[ntp:questions] Re: "Proper" way to test simple, new NTP configuration?
ohaya at cox.net
Fri May 20 20:01:59 UTC 2005
> If the system time is more than 1000 seconds off your NTP server's time then
> the NTP daemon terminates itself and prints a warning to the syslog that
> you should first set the clock manually.
> On a client you can run
> ntpdate <server>
> with <server> being the IP address of your NTP server, to get the client's
> time close to the NTP server's time fefore you start (x)ntpd on the client.
> In recent NTP versions you can also start ntpd with the -g parameter, which
> has the same effect.
> NEVER change the time manually on a machine which is synchronized by NTP. If
> you want to check that a client's time is synchronized, you can run
> ntpq -p hostname
> (if you omit hostname, it defaults to localhost)
> which prints the time sync status on hostname, something similar to this:
> remote refid st t when poll reach delay offset jitter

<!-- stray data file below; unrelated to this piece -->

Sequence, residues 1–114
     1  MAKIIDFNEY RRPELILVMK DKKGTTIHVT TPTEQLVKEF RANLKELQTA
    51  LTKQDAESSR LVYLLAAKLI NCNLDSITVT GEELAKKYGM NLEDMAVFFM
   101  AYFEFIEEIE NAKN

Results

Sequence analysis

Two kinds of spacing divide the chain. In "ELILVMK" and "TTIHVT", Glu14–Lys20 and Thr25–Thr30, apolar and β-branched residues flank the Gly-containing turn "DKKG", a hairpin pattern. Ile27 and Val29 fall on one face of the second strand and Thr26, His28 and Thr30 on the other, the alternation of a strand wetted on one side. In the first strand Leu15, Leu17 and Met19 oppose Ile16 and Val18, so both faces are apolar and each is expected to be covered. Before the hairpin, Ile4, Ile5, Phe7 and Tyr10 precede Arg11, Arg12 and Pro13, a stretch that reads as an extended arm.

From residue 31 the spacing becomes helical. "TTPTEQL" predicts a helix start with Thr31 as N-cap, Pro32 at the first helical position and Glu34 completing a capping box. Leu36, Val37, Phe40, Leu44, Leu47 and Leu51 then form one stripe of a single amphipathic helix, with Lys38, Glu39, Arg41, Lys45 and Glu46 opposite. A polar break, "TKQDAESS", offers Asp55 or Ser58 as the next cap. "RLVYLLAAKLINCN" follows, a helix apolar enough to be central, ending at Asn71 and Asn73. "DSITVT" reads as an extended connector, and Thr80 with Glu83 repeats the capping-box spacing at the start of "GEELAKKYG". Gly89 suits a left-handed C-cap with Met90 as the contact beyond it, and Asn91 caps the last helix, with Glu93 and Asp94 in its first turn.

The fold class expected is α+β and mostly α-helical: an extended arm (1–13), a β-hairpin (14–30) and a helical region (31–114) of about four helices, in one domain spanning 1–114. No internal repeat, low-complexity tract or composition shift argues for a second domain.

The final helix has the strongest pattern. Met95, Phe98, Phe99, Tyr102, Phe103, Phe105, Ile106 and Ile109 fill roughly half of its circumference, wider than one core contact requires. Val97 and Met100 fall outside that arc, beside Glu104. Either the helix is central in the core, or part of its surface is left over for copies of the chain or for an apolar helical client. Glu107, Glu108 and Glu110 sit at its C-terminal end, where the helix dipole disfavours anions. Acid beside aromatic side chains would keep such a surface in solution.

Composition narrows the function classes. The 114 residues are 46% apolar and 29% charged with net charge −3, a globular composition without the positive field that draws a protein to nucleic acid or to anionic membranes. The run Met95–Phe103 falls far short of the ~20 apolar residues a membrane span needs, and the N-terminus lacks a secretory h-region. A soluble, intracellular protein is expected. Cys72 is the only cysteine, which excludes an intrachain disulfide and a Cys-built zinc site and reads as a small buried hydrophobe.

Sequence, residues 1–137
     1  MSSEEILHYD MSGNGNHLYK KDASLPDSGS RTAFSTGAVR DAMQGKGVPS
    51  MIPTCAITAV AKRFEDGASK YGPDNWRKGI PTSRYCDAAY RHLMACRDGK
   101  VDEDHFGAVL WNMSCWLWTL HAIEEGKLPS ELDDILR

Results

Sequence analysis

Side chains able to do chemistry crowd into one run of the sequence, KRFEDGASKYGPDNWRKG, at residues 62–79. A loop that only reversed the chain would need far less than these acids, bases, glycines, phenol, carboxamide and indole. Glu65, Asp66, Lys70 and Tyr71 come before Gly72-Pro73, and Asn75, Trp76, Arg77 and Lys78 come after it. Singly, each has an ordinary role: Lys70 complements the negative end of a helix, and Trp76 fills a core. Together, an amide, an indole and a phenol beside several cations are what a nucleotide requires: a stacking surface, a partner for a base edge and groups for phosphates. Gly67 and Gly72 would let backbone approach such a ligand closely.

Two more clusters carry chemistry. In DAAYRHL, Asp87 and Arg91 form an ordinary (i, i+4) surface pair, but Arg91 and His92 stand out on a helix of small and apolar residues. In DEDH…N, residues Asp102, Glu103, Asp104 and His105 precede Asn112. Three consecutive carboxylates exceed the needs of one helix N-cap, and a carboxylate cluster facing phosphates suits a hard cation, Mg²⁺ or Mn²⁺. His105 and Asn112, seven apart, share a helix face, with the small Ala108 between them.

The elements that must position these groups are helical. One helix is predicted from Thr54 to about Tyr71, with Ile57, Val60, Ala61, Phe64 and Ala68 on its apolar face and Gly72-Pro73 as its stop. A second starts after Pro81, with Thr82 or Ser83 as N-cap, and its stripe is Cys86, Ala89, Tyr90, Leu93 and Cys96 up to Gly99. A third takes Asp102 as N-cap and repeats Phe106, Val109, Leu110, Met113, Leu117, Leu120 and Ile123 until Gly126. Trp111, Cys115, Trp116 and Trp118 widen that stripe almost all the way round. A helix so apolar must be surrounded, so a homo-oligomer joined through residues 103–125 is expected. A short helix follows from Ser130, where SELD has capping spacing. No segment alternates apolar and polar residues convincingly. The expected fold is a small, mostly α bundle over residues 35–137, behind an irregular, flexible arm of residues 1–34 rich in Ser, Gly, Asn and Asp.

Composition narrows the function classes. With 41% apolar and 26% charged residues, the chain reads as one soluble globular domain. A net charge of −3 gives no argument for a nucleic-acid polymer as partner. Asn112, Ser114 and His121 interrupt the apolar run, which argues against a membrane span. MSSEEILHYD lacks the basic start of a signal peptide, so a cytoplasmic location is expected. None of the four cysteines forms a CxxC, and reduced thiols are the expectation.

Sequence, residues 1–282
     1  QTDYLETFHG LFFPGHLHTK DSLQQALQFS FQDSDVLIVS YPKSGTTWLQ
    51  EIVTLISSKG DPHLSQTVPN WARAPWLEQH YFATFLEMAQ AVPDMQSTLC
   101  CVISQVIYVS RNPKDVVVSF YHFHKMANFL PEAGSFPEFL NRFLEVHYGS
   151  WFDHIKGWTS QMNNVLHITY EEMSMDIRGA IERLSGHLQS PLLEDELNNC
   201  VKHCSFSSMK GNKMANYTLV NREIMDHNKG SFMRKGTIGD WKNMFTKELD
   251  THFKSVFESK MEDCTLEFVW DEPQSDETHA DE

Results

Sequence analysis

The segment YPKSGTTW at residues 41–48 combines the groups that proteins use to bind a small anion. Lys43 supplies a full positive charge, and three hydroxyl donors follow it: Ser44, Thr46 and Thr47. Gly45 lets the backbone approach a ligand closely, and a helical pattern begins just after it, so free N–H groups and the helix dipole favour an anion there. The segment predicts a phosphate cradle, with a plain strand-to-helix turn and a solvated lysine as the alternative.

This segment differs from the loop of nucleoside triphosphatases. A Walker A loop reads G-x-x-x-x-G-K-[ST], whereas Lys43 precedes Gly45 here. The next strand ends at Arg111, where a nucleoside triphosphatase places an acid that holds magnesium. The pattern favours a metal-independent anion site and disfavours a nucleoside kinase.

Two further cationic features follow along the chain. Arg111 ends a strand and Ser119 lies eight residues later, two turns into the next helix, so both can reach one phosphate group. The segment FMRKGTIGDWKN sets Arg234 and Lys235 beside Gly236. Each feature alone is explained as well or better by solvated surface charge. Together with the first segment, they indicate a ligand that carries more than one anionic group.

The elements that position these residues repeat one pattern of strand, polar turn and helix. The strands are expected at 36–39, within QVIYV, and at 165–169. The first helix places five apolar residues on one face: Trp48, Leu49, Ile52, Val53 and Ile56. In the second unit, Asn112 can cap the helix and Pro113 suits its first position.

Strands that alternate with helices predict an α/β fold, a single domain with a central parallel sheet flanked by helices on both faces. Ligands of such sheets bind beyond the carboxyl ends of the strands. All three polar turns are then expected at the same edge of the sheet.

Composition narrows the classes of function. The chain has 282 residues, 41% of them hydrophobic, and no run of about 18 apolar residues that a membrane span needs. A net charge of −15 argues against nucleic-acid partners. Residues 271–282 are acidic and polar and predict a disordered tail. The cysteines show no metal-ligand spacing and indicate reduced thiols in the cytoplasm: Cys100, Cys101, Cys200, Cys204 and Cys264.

> *172.16.3.229 .PPS. 1 u 47 64 377 0.459 0.003 1.705
> if there is a '*' at the beginning of one table entry then the NTP daemon
> has selected that time source as reference time source. The offset column
> shows the estimated time difference between the client and the server in
> milliseconds (!).
> For an basic introduction to NTP, you may want to have a look at our NTP
> info page at
> or the support pages at http://ntp.isc.org.
Thanks for the explanation, especially about ntpq. I've now created a
small script that we can run which does an ntpq to all the servers, so
we can quickly check that all of them are synching to solaris1 (in my
More information about the questions